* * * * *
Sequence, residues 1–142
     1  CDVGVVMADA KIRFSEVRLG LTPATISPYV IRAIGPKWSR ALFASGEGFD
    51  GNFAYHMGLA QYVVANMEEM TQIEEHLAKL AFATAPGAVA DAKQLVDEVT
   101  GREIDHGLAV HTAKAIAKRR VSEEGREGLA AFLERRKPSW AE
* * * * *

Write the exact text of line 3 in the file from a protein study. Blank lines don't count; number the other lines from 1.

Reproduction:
    51  GNFAYHMGLA QYVVANMEEM TQIEEHLAKL AFATAPGAVA DAKQLVDEVT